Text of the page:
November 7, 2017, by Dr. Phil Christopher

A Pastoral Word in a Time of Such Heartbreak…

We would be heart-broken over wherever the shooting on Sunday happened.  But in a church? We have grieved over the precious lives lost in Las Vegas.  They were enjoying life and the gift of music. We have grieved over those in New York City who were bicycling on a beautiful October day. Our hearts are heavy with those acts of senseless violence and the ways that people’s lives have been shattered.

I am so, so sad…beyond words, about what happened in the First Baptist Church of Sutherland Springs, TX.  My sadness does not minimize the heartache over the recent acts of evil.  Whether in a sanctuary of worship, a country western concert, or a bicycle trail when a truck becomes a weapon, we hurt the same for all of the victims and families of violence.

What got me Sunday was seeing that little white framed church with an attendance of fifty. I thought, those people didn’t show up on Sunday to be entertained or dazzled to get their needs met; they came for worship and the deep sense of community that comes in being church, especially in a small town.  I saw a picture of the church’s sign that advertised the “Fall Festival” on October 31 – like we promote in our parking lot. I thought of this church trying to reach and love children and families.  I thought of all the small churches that incarnate the truest sense of church.

I used to preach in churches like Sutherland Springs when I was a seminary student in Kentucky. I thought of those small churches that often are doing as much for the gospel, as they care for people, than mega churches. Those small churches were filled with “salt of the earth” believers who were in worship not because they had to be there, but because they wanted to be.  They were there to praise and serve the Lord.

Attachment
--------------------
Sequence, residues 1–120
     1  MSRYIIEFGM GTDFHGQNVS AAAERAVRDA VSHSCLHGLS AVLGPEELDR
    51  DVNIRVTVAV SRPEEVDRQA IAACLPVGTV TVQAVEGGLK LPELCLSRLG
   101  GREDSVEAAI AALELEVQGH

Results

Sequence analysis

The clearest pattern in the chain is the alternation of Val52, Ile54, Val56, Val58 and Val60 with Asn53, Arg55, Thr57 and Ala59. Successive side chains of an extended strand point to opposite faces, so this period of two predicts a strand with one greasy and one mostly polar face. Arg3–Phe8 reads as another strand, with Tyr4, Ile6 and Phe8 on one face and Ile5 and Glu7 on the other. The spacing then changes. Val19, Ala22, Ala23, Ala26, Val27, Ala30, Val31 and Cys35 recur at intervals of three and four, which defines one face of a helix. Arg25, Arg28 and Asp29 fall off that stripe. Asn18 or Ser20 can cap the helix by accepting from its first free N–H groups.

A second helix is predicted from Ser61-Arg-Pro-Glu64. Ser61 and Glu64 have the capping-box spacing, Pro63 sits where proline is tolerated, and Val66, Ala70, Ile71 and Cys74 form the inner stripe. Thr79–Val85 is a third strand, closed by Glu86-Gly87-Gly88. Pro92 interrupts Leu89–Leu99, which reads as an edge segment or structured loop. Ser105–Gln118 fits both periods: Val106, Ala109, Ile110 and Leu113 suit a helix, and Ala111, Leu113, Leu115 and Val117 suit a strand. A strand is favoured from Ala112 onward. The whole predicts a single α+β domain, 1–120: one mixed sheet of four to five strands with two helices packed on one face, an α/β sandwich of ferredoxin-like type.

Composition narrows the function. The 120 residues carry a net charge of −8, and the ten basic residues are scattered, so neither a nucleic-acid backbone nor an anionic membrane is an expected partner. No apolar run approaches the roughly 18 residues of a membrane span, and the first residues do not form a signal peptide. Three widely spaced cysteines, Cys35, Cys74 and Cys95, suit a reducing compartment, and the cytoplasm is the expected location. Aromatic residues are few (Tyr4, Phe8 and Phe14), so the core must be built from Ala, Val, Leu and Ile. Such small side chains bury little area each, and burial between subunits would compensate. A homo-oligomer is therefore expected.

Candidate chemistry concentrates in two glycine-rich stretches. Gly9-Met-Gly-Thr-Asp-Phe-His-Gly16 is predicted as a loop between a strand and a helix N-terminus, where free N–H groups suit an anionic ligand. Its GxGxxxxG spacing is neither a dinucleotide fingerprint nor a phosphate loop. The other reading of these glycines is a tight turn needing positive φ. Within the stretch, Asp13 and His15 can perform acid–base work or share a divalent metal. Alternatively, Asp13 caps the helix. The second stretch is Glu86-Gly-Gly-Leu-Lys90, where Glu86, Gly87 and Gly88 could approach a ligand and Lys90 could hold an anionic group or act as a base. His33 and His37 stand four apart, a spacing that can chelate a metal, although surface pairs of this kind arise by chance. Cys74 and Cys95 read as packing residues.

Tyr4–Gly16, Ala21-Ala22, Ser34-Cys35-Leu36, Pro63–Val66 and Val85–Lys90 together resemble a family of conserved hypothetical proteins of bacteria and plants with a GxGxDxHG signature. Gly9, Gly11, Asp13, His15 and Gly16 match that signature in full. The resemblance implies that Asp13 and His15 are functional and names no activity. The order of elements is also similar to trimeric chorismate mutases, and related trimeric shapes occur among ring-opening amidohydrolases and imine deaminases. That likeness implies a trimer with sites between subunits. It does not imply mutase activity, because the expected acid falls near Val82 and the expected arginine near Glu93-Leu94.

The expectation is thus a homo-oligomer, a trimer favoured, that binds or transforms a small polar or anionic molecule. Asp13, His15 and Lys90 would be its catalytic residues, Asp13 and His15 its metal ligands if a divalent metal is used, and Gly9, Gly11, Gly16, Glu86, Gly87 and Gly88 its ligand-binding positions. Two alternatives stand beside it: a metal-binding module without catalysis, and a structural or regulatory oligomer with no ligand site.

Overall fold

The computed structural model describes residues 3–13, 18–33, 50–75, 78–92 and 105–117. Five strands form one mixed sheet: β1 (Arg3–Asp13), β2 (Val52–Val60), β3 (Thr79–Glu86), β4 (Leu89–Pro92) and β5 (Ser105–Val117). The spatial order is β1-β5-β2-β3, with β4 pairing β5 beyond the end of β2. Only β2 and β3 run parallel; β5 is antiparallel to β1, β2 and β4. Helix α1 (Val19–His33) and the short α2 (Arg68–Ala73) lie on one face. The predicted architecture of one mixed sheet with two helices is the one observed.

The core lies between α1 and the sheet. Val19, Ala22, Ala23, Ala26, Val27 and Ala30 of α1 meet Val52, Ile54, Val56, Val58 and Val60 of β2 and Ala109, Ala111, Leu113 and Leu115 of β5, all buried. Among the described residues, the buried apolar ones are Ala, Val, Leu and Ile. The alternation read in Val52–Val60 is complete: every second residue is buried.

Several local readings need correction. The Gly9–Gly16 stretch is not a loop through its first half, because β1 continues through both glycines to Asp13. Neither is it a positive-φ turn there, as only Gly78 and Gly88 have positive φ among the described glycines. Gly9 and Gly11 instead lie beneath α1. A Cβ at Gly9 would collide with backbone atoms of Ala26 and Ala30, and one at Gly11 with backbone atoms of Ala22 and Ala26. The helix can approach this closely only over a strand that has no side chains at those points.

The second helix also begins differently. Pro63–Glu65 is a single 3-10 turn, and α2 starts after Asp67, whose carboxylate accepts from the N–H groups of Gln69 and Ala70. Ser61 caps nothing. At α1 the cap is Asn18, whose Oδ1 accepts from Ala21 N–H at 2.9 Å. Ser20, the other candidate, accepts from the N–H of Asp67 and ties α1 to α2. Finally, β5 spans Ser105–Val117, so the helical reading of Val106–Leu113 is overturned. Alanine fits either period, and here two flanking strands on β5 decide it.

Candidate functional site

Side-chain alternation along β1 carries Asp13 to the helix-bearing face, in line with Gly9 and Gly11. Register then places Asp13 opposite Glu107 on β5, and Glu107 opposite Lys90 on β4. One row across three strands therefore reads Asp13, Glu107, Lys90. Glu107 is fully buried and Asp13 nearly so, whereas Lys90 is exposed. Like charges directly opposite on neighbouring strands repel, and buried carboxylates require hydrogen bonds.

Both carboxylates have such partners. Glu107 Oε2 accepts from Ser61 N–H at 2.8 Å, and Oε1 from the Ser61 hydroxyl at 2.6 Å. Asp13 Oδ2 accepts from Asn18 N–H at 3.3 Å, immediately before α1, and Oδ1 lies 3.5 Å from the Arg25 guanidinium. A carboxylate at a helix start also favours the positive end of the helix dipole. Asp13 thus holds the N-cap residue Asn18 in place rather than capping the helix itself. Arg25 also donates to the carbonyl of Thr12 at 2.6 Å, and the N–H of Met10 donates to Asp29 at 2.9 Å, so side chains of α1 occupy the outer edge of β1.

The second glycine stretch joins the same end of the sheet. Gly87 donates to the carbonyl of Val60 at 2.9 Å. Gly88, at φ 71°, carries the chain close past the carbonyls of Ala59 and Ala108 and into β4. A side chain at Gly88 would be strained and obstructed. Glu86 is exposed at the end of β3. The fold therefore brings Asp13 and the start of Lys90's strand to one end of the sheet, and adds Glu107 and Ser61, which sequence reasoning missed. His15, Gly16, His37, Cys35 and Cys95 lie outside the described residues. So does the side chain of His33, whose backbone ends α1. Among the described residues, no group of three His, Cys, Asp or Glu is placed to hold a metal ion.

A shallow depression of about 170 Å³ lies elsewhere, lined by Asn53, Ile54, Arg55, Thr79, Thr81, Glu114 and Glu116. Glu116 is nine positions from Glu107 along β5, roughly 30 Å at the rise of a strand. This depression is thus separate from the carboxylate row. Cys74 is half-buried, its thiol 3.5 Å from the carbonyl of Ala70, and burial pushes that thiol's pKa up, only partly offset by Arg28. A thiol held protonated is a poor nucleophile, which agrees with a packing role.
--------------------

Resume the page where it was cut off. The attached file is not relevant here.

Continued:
I thought of the pastor, Frank Pomeroy, whose daughter, Annabelle Renee Pomeroy was one of the victims. It is hard and demanding to pastor a small church.  I often think I am not worthy to untie the sandals of those pastors of small churches who serve in obscurity, yet so faithfully. Now he must pastor his church, and even a community, as he deals with his own grief.

I would never speak for Pastor Pomeroy.  I don’t have the answers. I am suspicious of those who think they do. Yet, in the midst of the anger, the questions about a loving God, and deep grief, I wanted to offer a word of hope in this darkness.  

Let us keep being the church of Jesus Christ, a counter-culture community to the ways and politics of the world. Let us be Jesus people who love our “enemies.” In such deep hurt, we are tempted to lash out in vengeance. Let us stop listening to the anger on cable news or social media and start listening to God’s Word in the Bible. We can naturally feel so vulnerable for what happened in a church.  Yet, let us not live by fear.  Let us keep trusting in this world of trouble that in Jesus Christ, God will have the “Last Word.” Let the mind and attitude of Christ be so much a part of how we think we live out the promise – love will conquer hate. We can easily doubt that love is stronger than hate, but just look to the cross and what God can do in the darkest night.  Never forget, we are Easter people of hope….

Phil

One other word:  Later this week, we will share with our membership the steps we have taken over the last several years to provide security and a safe environment on the church campus.